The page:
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store

The 'store' package provides efficient binary serialization. There are a couple features that particularly distinguish it from most prior Haskell serialization libraries:

  • Its primary goal is speed. By default, direct machine representations are used for things like numeric values (Int, Double, Word32, etc) and buffers (Text, ByteString, Vector, etc). This means that much of serialization uses the equivalent of memcpy.

    We have plans for supporting architecture independent serialization - see #36 and #31. This plan makes little endian the default, so that the most common endianness has no overhead.

    • Another way that the serialization behavior can vary is if integer-simple is used instead of GHC's default of using GMP. Integer serialized with the integer-simple flag enabled are not compatible with those serialized without the flag enabled.
  • Instead of implementing lazy serialization / deserialization involving multiple input / output buffers, peek and poke always work with a single buffer. This buffer is allocated by asking the value for its size before encoding. This simplifies the encoding logic, and allows for highly optimized tight loops.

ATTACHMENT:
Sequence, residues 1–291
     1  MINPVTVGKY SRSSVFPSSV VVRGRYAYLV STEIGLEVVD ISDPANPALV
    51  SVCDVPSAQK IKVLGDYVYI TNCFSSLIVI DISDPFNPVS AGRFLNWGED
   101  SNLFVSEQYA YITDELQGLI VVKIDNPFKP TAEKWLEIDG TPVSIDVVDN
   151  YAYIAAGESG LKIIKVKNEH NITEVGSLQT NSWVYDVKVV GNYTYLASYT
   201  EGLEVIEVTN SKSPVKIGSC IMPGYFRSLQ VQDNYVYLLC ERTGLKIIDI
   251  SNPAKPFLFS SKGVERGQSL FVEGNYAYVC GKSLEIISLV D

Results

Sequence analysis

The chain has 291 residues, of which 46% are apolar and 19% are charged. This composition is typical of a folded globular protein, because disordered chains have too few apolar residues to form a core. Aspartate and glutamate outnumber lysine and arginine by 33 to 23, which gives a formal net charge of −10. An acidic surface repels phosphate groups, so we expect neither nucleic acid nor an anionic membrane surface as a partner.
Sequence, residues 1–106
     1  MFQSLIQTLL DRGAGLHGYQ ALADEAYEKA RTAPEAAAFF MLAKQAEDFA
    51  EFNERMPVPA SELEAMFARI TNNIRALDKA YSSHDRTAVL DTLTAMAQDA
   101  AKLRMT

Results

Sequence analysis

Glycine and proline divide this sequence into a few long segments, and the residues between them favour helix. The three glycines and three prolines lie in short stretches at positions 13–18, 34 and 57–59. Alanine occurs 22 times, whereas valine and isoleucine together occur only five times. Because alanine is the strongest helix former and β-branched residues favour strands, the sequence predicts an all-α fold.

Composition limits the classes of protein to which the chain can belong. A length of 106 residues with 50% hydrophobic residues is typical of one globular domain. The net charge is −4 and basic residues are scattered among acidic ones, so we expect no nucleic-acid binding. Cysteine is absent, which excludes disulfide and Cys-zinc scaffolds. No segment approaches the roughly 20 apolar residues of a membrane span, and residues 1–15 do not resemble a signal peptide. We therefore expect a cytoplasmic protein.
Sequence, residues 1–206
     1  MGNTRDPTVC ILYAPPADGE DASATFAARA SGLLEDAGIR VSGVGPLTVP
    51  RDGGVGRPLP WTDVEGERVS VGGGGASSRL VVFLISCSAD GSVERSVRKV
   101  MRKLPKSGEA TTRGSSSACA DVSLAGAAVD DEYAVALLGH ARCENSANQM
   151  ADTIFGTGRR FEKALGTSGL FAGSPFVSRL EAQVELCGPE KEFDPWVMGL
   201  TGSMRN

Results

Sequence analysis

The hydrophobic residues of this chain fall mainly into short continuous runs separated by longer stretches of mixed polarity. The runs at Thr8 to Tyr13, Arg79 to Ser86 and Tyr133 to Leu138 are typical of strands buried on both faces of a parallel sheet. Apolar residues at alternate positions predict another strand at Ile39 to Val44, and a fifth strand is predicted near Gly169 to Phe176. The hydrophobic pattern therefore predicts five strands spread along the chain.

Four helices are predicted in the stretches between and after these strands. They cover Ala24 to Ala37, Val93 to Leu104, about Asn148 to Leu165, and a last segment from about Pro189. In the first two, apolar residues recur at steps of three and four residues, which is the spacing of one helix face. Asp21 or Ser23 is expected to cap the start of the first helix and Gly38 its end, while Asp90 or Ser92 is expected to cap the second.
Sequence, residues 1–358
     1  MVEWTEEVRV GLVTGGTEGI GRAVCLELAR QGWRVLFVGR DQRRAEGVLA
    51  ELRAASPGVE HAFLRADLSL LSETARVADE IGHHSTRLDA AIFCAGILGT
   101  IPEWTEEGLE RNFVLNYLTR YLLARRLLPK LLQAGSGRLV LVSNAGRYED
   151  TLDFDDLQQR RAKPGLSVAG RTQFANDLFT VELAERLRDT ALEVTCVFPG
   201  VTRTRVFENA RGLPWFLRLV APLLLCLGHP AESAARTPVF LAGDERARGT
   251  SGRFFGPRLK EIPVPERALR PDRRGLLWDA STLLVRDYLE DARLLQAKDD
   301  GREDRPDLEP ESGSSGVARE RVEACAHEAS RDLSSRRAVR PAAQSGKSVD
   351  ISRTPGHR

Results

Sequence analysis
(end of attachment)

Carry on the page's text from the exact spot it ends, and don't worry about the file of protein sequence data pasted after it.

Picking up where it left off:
• store can optimize size computations by knowing when some types always use the same number of bytes. This allows us to compute the byte size of a Vector Int32 by just doing length v * 4.

It also features:

  • Optimized serialization instances for many types from base, vector, bytestring, text, containers, time, template-haskell, and more.

  • TH and GHC Generics based generation of Store instances for datatypes.

  • TH generation of testcases.

  • Utilities for streaming encoding / decoding of Store encoded messages, via the store-streaming package.

Gotchas

Store is best used for communication between trusted processes and local caches. It can certainly be used for other purposes, but the builtin set of instances have some gotchas to be aware of:

  • Store's builtin instances serialize in a format which depends on machine endianness.

  • Store's builtin instances trust the data when deserializing. For example, the deserialization of Vector will read the vector's length from the first 8 bytes. It will then allocate enough memory to store all the elements. Malicious or malformed input could cause allocation of large amounts of memory. See issue #122.

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